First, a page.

Harvard Business Online

Is Transparency Always the Best Policy?


Posted on Conversation Starter: April 6, 2009 7:47 PM

On this week's Harvard Business IdeaCast, I interviewed Paul Levy, President and CEO of Beth Israel Deaconess Medical Center, about the hospital's unusually open approach to financial problem-solving.

Here's some background:

When Paul Levy took over as CEO of Boston's Beth Israel Deaconess Medical Center in January 2002, the hospital faced severe financial difficulties. Levy had been given a short amount of time in which to turn the situation around; if he didn't, the renowned academic hospital would be sold to a for-profit corporation.

Before noon on his first day, Levy sent an email to the entire staff, which knew about neither the hospital's dire finances nor the ultimatum. In it he wrote:

This is a wonderful institution, representing the best in academic medicine: exemplary patient care, extraordinary research, and fine teaching. However, the place is in serious trouble, and we are going to have to work very hard during the next few months if we are to secure our future as a non-profit academic medical center.

I promise to have an open administration, sharing with you as much information as possible to help you be part of solving the problems of the medical center. Here is where things stand, as of today. Over the last several years, during one of the greatest economic booms in American history, hundreds of millions of dollars of the BIDMC's assets have gone toward paying the operating losses of the hospital. This was money that ordinarily would have been used as the source of funds for new facilities and equipment, for expansion of programs, and as a cushion for hard economic times. For whatever set of reasons, there was a failure to act to stop this financial outflow. We now face our last chance to reverse this problem.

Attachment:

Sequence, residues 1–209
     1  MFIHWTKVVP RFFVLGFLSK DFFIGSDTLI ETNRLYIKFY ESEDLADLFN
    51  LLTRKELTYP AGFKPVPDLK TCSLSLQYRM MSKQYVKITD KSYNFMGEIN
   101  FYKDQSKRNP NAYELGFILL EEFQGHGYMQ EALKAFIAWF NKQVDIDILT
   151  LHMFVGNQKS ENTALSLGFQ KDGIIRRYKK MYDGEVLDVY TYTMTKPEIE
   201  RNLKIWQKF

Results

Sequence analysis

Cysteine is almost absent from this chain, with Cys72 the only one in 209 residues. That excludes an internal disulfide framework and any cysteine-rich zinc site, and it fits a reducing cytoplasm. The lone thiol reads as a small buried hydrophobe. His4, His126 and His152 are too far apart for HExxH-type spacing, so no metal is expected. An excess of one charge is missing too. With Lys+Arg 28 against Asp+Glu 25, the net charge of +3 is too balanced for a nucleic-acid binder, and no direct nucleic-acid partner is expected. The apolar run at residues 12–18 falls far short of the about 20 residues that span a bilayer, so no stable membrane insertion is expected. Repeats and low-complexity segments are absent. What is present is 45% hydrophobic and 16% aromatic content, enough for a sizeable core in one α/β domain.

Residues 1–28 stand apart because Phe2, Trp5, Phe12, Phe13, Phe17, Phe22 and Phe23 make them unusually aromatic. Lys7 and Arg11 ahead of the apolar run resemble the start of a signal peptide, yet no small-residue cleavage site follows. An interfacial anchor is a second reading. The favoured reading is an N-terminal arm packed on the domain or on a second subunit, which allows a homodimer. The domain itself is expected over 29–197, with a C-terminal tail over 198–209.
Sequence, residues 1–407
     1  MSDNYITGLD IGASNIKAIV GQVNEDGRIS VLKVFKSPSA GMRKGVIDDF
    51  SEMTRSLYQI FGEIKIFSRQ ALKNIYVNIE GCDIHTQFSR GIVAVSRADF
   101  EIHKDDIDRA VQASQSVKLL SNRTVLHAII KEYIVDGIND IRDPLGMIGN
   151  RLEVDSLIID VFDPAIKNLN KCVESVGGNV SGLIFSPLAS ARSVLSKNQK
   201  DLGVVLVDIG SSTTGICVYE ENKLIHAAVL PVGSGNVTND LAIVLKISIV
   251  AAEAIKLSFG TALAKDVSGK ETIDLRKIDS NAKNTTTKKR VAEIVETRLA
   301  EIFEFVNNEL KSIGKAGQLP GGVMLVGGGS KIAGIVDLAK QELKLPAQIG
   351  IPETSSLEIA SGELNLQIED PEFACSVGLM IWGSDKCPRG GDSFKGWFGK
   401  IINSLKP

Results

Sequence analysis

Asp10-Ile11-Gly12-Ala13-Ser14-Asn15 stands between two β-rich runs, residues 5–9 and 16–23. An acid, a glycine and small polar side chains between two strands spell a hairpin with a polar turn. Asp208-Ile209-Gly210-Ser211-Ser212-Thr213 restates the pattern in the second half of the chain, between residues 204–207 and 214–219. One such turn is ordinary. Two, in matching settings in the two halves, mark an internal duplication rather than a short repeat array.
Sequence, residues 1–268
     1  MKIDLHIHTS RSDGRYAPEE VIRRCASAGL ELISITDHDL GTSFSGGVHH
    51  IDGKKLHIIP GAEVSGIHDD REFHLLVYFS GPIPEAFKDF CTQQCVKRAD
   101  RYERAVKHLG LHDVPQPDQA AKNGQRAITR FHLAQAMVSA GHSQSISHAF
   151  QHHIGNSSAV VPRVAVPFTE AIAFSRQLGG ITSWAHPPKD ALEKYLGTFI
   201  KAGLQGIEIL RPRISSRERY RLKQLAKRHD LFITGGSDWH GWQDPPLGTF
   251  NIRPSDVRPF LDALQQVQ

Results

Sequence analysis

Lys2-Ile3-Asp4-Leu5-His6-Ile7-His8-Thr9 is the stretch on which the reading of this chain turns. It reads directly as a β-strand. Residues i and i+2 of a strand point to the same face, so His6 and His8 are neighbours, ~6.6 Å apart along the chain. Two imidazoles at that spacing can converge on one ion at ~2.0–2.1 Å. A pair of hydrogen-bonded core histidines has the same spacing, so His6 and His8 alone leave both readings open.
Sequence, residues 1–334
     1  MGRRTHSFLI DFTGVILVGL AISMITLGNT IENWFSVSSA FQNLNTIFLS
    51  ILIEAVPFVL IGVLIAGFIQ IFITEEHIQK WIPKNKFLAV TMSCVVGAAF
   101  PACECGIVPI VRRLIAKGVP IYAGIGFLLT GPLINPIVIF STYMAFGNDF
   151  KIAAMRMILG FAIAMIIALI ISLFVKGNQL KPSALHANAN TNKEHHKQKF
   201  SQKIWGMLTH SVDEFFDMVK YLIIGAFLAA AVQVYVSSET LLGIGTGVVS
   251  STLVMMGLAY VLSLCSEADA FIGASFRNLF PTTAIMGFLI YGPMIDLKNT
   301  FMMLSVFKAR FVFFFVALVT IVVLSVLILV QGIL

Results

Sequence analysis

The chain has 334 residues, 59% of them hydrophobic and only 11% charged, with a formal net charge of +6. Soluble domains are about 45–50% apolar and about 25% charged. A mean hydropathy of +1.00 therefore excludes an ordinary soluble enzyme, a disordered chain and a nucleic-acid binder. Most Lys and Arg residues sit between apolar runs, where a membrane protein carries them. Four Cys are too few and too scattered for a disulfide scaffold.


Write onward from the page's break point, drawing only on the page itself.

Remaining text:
To spare you the suspense, the turnaround worked—and became the subject of an HBS case.

In 2002, such radical corporate transparency had not yet become a trend, but to Levy, it was simple common sense, and it soon became a fundamental part of the hospital's culture. After reading that only one CEO of a Fortune 500 firm had a blog, he started runningahospital.blogspot.com. When the Board of Trustees set the goal of eliminating preventable harm within four years, the hospital began posting data about clinical results and medical errors on its public website. Every month, an employee receives a "caller-outer award" for identifying "problems they see in the workplace, problems of safety, efficiency, or anything else." When a surgeon accidentally operated on the wrong side of a patient's body, Levy discussed the mistake at length both in an email to the staff and on his blog. And this March, faced with a potential $20 million operating loss, Levy wrote to his staff:

Part of the solution to this problem will be to lay off people. I'm not sure how many yet, and I am hoping you can help me figure out how to minimize the number by using more creative and less disruptive ways to solve the problem. I am going to hold some town meetings in the next several days to get your thoughts about alternative concepts. I will lay out some ideas here, so you can be thinking about them. You can write back now, or you can tell me in person later. Perhaps you will want to discuss them with your colleagues. Perhaps you have better ideas to suggest. We'll soon set up an electronic chat room, too, to permit people to share their thoughts more broadly with the community.

At the first town hall meeting, employees quickly reached a consensus: those at higher pay grades would sacrifice more in order to protect the lowest-paid workers. Levy received about 3600 specific cost-cutting ideas and comments from the staff. And doctors affiliated with the hospital donated several hundreds of thousands of dollars to help offset staffing costs.

I'd love to hear about other leaders taking such an open and forthright approach to solving their companies' problems. Do you work for—or lead—a transparent organization? What limits to transparency have you hit?

Click here to listen to the Harvard Business Ideacast.

Too Cool for Crisis Management
LIMITED-TIME OFFER SUBSCRIBE NOW
 
blog comments powered by Disqus